The Romans and the Jews
Judea in the first century was ruled by the Romans though the Jews were never forced to accept the Roman religion. There were puppet kings like Herod and Agrippa, but Roman supervision was never unmindful of the conquered province. But the Jewish inhabitants were often inflamed by political injustices, especially by the burden of unfair taxation.
The great sage Hillel inspired the Jewish population of Judea to resist aspects of King Herod’s administration yet in order to be a stronger force they should try to achieve unity despite religious conflicts, of which there were many. The Sadducees and the Pharisees, for example, were in fierce disagreement on interpretation of the Torah, the Sadducees being very fundamentalist – an eye for an eye – and ignoring the oral law. The Pharisees regarded their rivals as heretics and opposed their literalism. Their oral teachings gave rise to rabbinic Judaism.
Herod’s death in 5 resulted in a general uprising against the Romans. This was crushed mercilessly, and unreasonably heavy taxation forced on the inhabitants as a punishment. Naturally, further rebellion against the Romans was the result. One of the important rebel leaders was a man called Judah whose father had been put to death for treason. After Judah was caught and executed his followers carried on violent resistance against the Roman-directed authorities – they were known as the Zealots. As a result of these fierce rebellions the Emperor Augustus took over complete control and removed the capital to Caesarea as Jerusalem was clearly a hotbed of discontent.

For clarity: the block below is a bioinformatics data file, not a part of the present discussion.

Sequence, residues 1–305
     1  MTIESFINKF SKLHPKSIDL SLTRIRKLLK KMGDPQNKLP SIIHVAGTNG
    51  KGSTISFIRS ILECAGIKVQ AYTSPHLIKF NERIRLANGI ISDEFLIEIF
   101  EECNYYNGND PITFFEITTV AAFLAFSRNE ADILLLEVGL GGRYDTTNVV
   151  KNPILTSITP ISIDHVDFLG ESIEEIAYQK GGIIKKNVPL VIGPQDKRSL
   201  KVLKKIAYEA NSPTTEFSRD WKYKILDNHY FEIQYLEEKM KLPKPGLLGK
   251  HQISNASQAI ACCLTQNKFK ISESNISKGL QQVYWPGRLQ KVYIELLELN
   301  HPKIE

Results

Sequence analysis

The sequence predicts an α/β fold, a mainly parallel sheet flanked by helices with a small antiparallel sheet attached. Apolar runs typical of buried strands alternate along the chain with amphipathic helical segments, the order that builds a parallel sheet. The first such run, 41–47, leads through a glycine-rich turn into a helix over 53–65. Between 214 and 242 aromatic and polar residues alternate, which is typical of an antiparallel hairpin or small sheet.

When Herod’s grandson Herod Agrippa came to power in 41 BCE things settled down and the country was granted self-government by the next emperor Claudius, who decreed that all the Jews in the empire were to be allowed to observe the customs of their ancestors and not suppressed. But this was the last time such toleration was allowed to the Jews. Agrippa was a sympathetic leader but died suddenly and mysteriously 3 years later and Claudius, to general horror, suddenly and completely withdrew Judean independence. The old harsh conditions were imposed, and the Zealots became active again.
A great flare-up was caused when Florus, the arrogant Roman governor and hostile to the Jews, demanded extra tax and then stole a large quantity of old from the Temple. The Jews, outraged, rioted. The Romans retaliated with great force and hundreds of citizens were murdered.
Now there was general rebellion spreading throughout all Jewish lands and areas. By 66 all Judea and Galilee were in revolt. Not just attacking Roman troops, but also hostile gentiles in all areas in and around Judea. The Roman authority in Jerusalem was actually overturned and a Jewish army trapped the army of the Roman general Gallus, killing 6000 Roman troops. Immediately the Romans wanted extreme revenge, intending to crush the whole Jewish population into submission.